Beat butter until it is light and fluffy. Add brown sugar to the butter and mix until smooth. Once butter and brown sugar are well mixed, add one egg at a time. Once eggs are well mixed, add about half the flour mixture. Mix until well combined.  Add vanilla and buttermilk- mix until well combined. Add the rest of the flour mixture. Mix until well combined. Add in the pecans and mix them in.

Spoon your batter into cupcake cups. (Will make between 2 and 3 dozen cupcakes, depending on how full you make your cups.) Bake at 350 for about 20 minutes, rotating halfway through.

Now the rum icing! Yep, I said rum! Yum! So, I was sitting there thinking, “What kind of icing will go with pecan spice cupcakes?” My usual cream cheese icing has a bit of a citrus taste, which I didn’t want. I come up with the idea to make cream cheese rum icing. It turned out so yummy! Here’s what you need:

3 blocks of cream cheese

3 sticks of butter

powdered sugar (amount is up to you- probably between half a cup and 2 cups)

rum (use what you’ve got. Don’t have any? This Tattoo rum by Captain Morgan is on the sweet side- perfect for desserts.)

You can scale this recipe down. I find that 2 blocks/2 sticks is not quite enough for 2 dozen generously iced cupcakes, so I use 3/3 and have a bit of icing left over. (Which The Pastor eats with graham crackers for a midnight snack.) If you don’t like a lot of icing on your cupcakes, 2 blocks/2sticks will be enough.

Set out the cream cheese and the butter while you’re working on your cupcakes. They’ll be room temperature by the time you get around to making the icing.

Mix the cream cheese and butter until smooth. Add about 1/2 cup of powdered sugar. Add a few T of rum. Blend well. Taste. (I keep plenty of spoons on hand when making icing because I taste quite often.) Add more powdered sugar as you see fit. (Some folks like super sweet icing. Others like not overly sweet icing. I fall in between. I use about a cup of powdered sugar.) Add more rum to taste. I used about 1/4 cup of rum. I didn’t want it too rummy. But you may want it more rum tasting, so add more if you like!

Once your icing is mixed to your liking, spoon the icing into a gallon size freezer bag and place in the fridge. When your cupcakes have completely cooled and you’re ready to ice, knead the bag of icing a bit, cut off one corner of the bag, squirt icing onto cupcakes. Top the icing with a pecan. Eat and enjoy!

(You can also drizzle a little rum over each cupcake before serving. Adds a little extra zip to it!)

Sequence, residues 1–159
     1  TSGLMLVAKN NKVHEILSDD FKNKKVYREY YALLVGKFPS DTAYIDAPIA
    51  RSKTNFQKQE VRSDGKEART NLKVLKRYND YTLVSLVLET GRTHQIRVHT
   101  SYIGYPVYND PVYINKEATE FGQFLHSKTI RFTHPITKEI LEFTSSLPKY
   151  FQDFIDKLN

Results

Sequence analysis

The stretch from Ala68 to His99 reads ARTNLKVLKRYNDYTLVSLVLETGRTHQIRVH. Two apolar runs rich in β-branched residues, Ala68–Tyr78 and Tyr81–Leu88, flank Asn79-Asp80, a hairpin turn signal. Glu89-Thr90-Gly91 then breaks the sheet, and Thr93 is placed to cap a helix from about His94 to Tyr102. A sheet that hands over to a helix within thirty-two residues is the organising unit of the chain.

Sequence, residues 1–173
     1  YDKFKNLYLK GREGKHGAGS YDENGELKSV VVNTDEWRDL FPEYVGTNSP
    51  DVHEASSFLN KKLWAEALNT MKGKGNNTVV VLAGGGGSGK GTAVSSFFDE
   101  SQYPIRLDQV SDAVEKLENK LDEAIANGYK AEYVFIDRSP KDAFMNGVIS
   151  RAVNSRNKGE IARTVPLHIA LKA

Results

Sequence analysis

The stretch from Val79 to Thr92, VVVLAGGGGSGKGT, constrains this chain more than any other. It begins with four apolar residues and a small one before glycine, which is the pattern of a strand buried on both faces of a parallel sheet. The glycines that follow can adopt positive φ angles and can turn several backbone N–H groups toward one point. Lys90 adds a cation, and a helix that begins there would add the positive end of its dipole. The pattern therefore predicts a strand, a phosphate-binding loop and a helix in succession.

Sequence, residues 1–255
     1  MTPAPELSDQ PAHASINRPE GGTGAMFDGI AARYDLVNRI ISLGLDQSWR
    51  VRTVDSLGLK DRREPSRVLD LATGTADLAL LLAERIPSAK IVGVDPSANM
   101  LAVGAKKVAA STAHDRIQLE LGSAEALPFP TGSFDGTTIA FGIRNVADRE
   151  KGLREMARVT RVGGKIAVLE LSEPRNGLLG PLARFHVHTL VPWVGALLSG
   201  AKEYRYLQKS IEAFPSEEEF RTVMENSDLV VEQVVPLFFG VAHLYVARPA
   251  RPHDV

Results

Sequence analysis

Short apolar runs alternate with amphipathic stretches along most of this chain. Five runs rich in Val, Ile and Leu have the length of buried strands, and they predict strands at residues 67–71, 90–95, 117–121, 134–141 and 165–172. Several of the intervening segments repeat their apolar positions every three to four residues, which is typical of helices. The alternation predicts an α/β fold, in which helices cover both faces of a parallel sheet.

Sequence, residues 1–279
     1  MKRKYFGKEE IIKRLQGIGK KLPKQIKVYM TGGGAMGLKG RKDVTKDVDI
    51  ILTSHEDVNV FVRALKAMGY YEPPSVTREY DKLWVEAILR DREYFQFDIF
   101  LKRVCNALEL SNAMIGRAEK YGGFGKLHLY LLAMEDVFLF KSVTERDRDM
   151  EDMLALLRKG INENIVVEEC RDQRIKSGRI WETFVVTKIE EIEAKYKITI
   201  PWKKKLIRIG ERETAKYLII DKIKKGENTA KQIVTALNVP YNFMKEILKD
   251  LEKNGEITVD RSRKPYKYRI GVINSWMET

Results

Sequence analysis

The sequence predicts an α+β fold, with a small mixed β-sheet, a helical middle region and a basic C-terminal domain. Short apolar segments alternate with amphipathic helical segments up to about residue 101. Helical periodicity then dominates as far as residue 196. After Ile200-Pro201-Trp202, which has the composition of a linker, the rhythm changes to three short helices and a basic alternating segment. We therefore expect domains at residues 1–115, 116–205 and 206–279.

Posted in In The Kitchen, Under Our Roof

Big Foot Cannot Hide From Me!

Bugaboo Creek left us. I know! So sad. I began thinking about their menu and what exactly I’d miss. Wedge salad? I can get that elsewhere. Steak? On every corner. Big foot cookie? Oh. My. Milk. Where on earth am I going to get a big foot cookie?!

What? You don’t know what a big foot cookie is? Giant chocolate chip cookie cooked and served in an iron skillet and topped with a scoop of vanilla ice cream. Now you see my panic! Now you are going crazy trying to figure out how you’ll ever have one of these awesome treats! Calm down. I figured it out. (With the help of The Pastor. That man can cook!) Now you can have a big foot cookie at home! (Send your waistline my apologies!)

Sorry that I couldn’t stop myself in time to get a picture of my cookie uneaten. I got too excited!

Get your iron skillet. We have a huge one and a not so huge one. (Very specific, huh?) Our not so huge skillet is bigger than the ones Bugaboo had, but what can you do? Rub butter all over the inside surface of your skillet. Sprinkle in crushed graham crackers in the bottom. (If you don’t have graham crackers, which I didn’t, use wheat germ and a pinch of brown sugar.) (I know. It is probably weird that I had wheat germ on hand but not graham crackers. That’s just how it is around the parsonage.) Take chocolate chip cookie dough and make a “pancake” out of it roughly the size of your skillet and about half the thickness of your skillet. Put it in the oven (on a typical 350 – 375 cookie baking temp) and wait! (It takes a good 40 minutes or so to bake, depending on your skillet size.) Once your cookie looks done (same eye you use for regular cookies- brown edges, golden top) take it out to cool. Don’t let it cool completely! Big foot cookies are best eaten hot! (Just not so hot you get 3rd degree burns in your mouth.) Add a scoop of vanilla ice cream straight on top of the cookie in the skillet, grab a spoon, an dig in! (You can share if you are so inclined.)